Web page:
Through their words and actions, parents can guide their children to maturity, teaching valuable life lessons along the way.
One day, a child who was 2 years old ran into a table and got a big bump on his head. He cried loudly for a long time. His father came out of his room and walked over to the table, loudly asking: “Hey table, who hurt you and made you cry so hard?”
The boy stopped crying and looked up with tears in his eyes. His father caressed the table and asked: “Who did that to you?” His son looked at him: “Oh, Daddy, it was me.” His father asked: “Did you apologize to the table?” The boy said: “I’m sorry,” and bowed to the table.
From that lesson, he learned responsibility!
Another day, when the child was 3, he started crying for no good reason. His father asked: “Are you uncomfortable?”
“Why do you cry then?”
“I just want to cry.”
“Well, I don’t mind if you cry, but I‘ll find you a suitable place to cry so that you won’t disturb others. After you have cried enough, you tell us, and then you can come out.”
His father instructed him to stay in the bathroom. Two minutes later, the boy knocked on the door and said: “I’ve cried enough.” He was then allowed to come out.
Now, the same boy is 18 years old and he does not use his emotions to manipulate others or take his anger out on others.
A father walked by a bridge with his 5-year-old son. Seeing the clear water under the bridge, the boy said: “It’s beautiful water and I want to jump into the river and swim.”
The man was surprised for a moment, but then said: “Well, let’s jump in together, but first we need to go home and change our clothes.” After returning home and changing their clothes, his son noticed a pan of water.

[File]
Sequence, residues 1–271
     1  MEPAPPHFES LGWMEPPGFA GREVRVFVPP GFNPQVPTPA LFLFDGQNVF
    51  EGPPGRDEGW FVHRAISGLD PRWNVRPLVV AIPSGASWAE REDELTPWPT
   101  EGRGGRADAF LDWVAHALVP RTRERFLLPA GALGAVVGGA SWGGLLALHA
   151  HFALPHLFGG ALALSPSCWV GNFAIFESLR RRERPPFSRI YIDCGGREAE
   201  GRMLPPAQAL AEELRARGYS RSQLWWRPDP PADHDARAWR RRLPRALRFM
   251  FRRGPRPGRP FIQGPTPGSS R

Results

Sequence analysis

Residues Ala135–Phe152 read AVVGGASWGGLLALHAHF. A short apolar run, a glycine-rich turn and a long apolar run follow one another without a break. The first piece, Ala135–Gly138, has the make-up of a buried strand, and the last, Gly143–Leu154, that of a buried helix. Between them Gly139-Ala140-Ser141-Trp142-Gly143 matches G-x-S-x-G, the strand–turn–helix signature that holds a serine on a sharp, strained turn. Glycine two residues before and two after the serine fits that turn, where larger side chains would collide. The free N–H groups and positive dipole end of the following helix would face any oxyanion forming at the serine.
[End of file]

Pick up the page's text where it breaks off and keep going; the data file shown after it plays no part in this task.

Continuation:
His father said: “My son, when you swim, you have to put your face in the water, right?” He nodded and his father continued: “You need some practice to see how long you can put your face in the water.”
After only 10 seconds, the boy lifted his face out of the water and said: “I’m choking in the water. It’s not comfortable.”
His father said: “Yes, if you jump into the river, you’ll feel even worse than that.”
“Daddy, let’s not jump into the river then,” his son responded.
“Okay, we won’t do it then.”
Since then, the boy has learned to be cautious and think twice rather than act rashly.
Be a hero
One day, a 6-year-old boy walked by McDonalds with his father after school.
“Ah, McDonald’s! You want to get something to eat there, right? My son, it’s easy when you want something and you go out and get it. Anyone can do that. But if you can control your urges and not get something even though you want it, you’ll be a hero. Would you rather be an ordinary person or a hero?”
The boy answered: “A hero.”
“You’re sure about that, right son?”
“Daddy, I really do want to be a hero.”
“Okay, hero, let’s go home!”
Ever since then, the boy has learned to control his urges and not give in to temptation.
Brick or knife?
One day, an 8-year-old boy fought with his classmates and came home crying. He felt wronged by his classmates and responded with anger and more anger! He cried more and more loudly.
His father asked: “What do you plan to do? Do you want Daddy to help you?”
“Daddy, find me a brick, and I want to hit them from behind tomorrow.”
“I see, I can do that. Anything else?”
“Daddy, get me a knife, I want to stab them from behind.”
“Good! This way you can vent more anger. Daddy can get it for you.”
The father went upstairs to get things ready. Meanwhile, his son seemed to calm down a bit.
About 20 minutes later, the father brought him a lot of clothes and blankets that he had gathered.
“Son, have you made up your mind, brick or knife?”
“But Dad, why are you bringing me so many clothes and blankets?”
“My son, it’s like this: If you hit them with a brick, the police will take us both away for about a month in prison, so we’ll take some jackets and blankets with us. If you use a knife and stab them, we’ll be in prison for at least three years, so we’ll have to take more clothes with us for all four seasons, right? But that’s the law. So you decide and Daddy will support you!”
“Dad, we have not done those things, right?!”